Let’s be honest, breastfeeding multiples isn’t always easy and this is especially true when they’re born very early. It can be quite a journey and breastfeeding doesn’t work out for every mum.
Many mums-to-be imagine themselves tandem breastfeeding their newborns right after birth in those first hazy moments of bonding. Although it seems like it should be the most natural thing, it’s much trickier than just shoving your wee baby onto your boob. Breastfeeding premature twins can be even more of a challenge.
Premature babies generally don’t have the strength to feed themselves. “The youngest we ever had breastfeeding was at 30 weeks gestation” NICU lactation consultant Maggie Morgan says. But most babies aren’t able to suckle consistently until they reach around 34 or 35 weeks.
Many twins need respiratory support for their first weeks and can only start to practise breastfeeding when they’re breathing independently. They are fed through a nasogastric tube until they’ve learned to coordinate their breathing and swallowing, and have gained enough strength.
But that doesn’t mean they don’t need breastmilk!
“Breastmilk is important for immunity. It’s easier to digest and prepares the gut for solid food later in life” Maggie says. “There are a lot of long term beneficial effects.”
Even mums who don’t plan on breastfeeding when they take their babies home are urged to give expressing a go. Human bodies are amazingly clever. When babies are born early, Mum produces milk that is especially rich in calories, vitamins and protein. The milk also helps the babies fight off infections.
“It’s the one thing Mum can do for their premature baby” Maggie says. Many mothers feel so helpless when their babies fight for themselves in their incubators, but their milk can make a big difference!
From when they first start to latch on it can take premature babies weeks or months to become strong enough to get a full feed from Mummy. Some babies get enough milk just from breastfeeding from 37 or 38 weeks. Others continue to need bottle top-ups of expressed breast milk or formula for a couple of months (or much longer) while some never learn to properly breastfeed.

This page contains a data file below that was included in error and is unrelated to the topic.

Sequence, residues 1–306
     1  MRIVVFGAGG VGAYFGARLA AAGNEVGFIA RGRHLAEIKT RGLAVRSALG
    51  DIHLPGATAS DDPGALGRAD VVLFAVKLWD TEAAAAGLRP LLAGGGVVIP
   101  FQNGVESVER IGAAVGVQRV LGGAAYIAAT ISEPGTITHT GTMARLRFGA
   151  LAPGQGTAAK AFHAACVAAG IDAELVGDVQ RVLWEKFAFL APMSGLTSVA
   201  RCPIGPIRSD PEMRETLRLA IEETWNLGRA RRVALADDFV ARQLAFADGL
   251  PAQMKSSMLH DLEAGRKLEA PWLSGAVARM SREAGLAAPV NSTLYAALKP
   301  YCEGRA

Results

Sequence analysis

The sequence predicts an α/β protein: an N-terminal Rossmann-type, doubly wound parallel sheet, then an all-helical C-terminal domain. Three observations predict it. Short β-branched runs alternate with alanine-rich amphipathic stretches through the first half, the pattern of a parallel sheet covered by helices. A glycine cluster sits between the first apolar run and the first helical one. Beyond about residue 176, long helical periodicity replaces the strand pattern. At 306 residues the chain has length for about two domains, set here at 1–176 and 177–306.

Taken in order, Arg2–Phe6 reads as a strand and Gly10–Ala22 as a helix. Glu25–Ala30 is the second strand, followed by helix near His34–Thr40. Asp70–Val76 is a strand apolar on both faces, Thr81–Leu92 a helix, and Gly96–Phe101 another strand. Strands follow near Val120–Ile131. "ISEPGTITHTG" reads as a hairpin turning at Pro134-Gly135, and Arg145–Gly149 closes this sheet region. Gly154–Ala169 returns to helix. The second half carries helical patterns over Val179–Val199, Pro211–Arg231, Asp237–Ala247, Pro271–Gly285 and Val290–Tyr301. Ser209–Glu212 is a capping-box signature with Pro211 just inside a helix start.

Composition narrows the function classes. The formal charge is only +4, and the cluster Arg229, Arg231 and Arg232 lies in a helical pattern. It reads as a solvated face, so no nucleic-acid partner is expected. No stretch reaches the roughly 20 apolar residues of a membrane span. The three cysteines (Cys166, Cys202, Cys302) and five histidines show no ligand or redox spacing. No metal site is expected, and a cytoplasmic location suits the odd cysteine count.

To get the milk flowing, new mums have to pump every three or four hours around the clock and a quality double breast pump is essential to get a good supply going. Most hospitals provide one for a week or so to give you time to sort things out until you can look to purchase or hire one.
There are a few double breast pumps on the market but some of them can be very expensive. A favourite amongst twin mums is the Unimom Forte Breast Pump as it is designed for frequent and long term use that is often required by twin mums. It is also considerably cheaper than some of the larger models that you may use in hospital.
Maggie says that the majority of twin (or more) mums do have enough milk to feed their babies. They should be aware that they have an increased need for calories, but sadly that doesn’t mean we can gorge ourselves on chocolate and chips.
Breastfeeding mums have to make sure they eat a healthy, balanced diet, which is easier said than done if you spend most of your waking hours at the hospital. Read more about your dietary requirements as a twin breastfeeding mummy.
Maggie advises not to despair if the supply dips. “It is absolutely normal for the supply to go up and down, depending on how mum is feeling” she says. Stress can impact on milk supply in some mothers, so stressing about it may make it worse.
Having something like a breastfeeding tea or some Fenugreek & Blessed Thistle capsules to help boost supply during these times can help some women.
Each woman produces different amounts of milk. Some are like wells and have so much that they can freeze some for later, while others struggle to pump anything at all. We’re not all created equal and there’s no time to feel bad about it!
Every ounce of breastmilk you can provide in the early days is valuable, but if breastfeeding doesn’t work out for whatever reason, babies also thrive with formula. In the end, fed is best!
Before you head home with your babies, Maggie suggests planning where and how you will feed them. Will you have an armchair, will you use the couch, or will you feed them in bed? Also, think about what kind of twin feeding pillow you will use as having these extra support items can really help in the early days of learning to breastfeed.
“Most twin mums give tandem feeding a go, but be aware that twins can be at different developmental stages. One might already be latching on without any problems while the other still needs help. In that case it might be best to feed one after the other to meet both babies’ needs,” she explains.
For more information on Breastfeeding Twins read some of our other articles.